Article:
The Golden Age
The Golden Age
Pan Americanist Culture, War, and the Triumph of Universalism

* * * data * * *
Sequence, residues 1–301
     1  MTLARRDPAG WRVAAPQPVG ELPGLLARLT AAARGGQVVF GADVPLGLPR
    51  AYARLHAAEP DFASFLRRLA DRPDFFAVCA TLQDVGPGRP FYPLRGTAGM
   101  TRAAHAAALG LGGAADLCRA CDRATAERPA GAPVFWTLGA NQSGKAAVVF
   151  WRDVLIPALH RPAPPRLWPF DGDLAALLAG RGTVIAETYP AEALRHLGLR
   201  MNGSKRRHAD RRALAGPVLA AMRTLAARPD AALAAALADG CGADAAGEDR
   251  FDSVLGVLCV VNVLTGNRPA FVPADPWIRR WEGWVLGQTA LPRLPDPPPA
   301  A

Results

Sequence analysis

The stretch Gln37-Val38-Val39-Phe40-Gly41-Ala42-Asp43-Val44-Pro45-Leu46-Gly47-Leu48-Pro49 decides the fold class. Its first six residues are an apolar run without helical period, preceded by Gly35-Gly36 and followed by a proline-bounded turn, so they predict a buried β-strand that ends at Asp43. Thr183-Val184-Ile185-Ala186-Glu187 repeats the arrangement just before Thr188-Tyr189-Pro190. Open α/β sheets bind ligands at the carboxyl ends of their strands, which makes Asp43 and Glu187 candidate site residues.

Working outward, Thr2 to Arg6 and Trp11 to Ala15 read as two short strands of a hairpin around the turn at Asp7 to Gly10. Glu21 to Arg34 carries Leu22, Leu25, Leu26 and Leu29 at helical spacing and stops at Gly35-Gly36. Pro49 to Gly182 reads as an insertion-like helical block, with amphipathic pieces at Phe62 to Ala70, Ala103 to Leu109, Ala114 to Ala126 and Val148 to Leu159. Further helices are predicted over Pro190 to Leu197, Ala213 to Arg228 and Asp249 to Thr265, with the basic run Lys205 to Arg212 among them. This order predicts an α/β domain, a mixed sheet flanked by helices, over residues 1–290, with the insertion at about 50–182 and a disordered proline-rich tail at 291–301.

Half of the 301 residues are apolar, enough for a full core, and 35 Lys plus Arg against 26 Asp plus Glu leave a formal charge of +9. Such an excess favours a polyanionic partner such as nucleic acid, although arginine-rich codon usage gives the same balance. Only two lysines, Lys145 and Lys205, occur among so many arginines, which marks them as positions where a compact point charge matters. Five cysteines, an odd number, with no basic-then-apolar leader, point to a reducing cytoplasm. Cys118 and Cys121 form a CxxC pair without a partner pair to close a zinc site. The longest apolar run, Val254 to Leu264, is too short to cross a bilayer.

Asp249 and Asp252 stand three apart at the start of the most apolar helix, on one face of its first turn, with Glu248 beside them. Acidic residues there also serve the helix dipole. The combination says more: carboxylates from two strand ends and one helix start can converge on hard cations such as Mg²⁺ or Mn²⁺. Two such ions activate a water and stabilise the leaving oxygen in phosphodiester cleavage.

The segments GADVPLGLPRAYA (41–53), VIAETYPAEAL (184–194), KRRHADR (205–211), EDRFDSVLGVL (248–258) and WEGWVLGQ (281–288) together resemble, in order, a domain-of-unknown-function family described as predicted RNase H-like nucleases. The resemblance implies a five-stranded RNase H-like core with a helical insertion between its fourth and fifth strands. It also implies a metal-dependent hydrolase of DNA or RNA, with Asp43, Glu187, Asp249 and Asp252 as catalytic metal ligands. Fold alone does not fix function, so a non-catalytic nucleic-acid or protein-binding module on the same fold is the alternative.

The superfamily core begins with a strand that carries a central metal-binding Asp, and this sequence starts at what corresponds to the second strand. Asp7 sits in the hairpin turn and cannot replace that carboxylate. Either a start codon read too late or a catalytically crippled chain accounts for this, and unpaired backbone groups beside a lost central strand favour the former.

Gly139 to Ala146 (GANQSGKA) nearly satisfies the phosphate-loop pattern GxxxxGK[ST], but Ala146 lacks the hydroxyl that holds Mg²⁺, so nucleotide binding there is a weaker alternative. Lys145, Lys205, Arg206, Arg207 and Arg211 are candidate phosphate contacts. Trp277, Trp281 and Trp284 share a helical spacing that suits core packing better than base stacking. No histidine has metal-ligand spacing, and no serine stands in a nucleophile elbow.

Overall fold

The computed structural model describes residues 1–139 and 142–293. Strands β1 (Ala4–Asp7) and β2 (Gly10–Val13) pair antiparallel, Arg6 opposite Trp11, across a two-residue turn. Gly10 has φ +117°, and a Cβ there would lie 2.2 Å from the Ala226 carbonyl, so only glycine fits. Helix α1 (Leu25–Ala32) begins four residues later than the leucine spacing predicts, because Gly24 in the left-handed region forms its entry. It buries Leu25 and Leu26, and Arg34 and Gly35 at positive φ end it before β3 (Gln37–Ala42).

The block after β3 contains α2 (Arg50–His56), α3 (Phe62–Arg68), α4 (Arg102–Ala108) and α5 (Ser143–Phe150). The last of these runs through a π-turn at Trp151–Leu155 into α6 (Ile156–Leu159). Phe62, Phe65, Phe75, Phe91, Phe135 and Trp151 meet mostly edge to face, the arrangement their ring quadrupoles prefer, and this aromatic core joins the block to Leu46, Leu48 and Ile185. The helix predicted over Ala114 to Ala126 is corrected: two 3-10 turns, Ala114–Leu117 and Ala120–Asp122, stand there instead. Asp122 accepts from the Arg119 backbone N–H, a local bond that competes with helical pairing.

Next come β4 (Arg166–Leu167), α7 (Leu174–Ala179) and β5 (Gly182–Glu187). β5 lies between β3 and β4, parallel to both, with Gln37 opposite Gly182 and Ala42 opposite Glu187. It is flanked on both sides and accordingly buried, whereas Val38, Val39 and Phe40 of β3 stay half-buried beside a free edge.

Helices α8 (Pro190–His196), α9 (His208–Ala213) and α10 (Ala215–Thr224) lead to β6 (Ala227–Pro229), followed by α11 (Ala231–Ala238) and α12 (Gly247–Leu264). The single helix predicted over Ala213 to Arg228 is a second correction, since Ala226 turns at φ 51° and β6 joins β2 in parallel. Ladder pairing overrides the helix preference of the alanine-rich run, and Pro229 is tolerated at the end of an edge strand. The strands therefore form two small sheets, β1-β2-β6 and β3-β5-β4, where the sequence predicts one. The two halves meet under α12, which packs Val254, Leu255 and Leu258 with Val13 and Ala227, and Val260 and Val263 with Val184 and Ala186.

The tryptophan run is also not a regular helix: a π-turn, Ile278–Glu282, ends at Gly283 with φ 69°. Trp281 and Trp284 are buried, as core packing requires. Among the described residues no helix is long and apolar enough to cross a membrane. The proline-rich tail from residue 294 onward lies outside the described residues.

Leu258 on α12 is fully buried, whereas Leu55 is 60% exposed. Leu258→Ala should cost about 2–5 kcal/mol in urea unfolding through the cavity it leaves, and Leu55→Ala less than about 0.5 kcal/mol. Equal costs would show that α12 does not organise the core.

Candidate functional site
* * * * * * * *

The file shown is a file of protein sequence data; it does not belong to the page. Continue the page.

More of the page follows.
This chapter examines the climax of north-south sameness-embracing, the period following the outbreak of war in September 1939. One manifestation of Pan Americanist culture was Latin American–themed music by U.S. composers, much of which verged on the commercial. Virgil Thomson, who reviewed Villa-Lobos’s music (and whose antinationalist barbs parallel the sentiments of many Latin American composers and critics), laid the groundwork for Brazilian universalism. Villa-Lobos’s reputation in the United States also gained luster from the alliance between the Brazilian strongman Getúlio Vargas and the United States, cemented in 1942 after a long courtship and touted by art music critics and the U.S. music industry. Reflecting the commercial bent of much Pan Americanist culture, Villa-Lobos was also bound to Hollywood and the culture industry, as corroborated by his foray into the American musical, Magdalena, read here in the context of Pan Americanism’s abrupt deterioration during the early years of the cold war.
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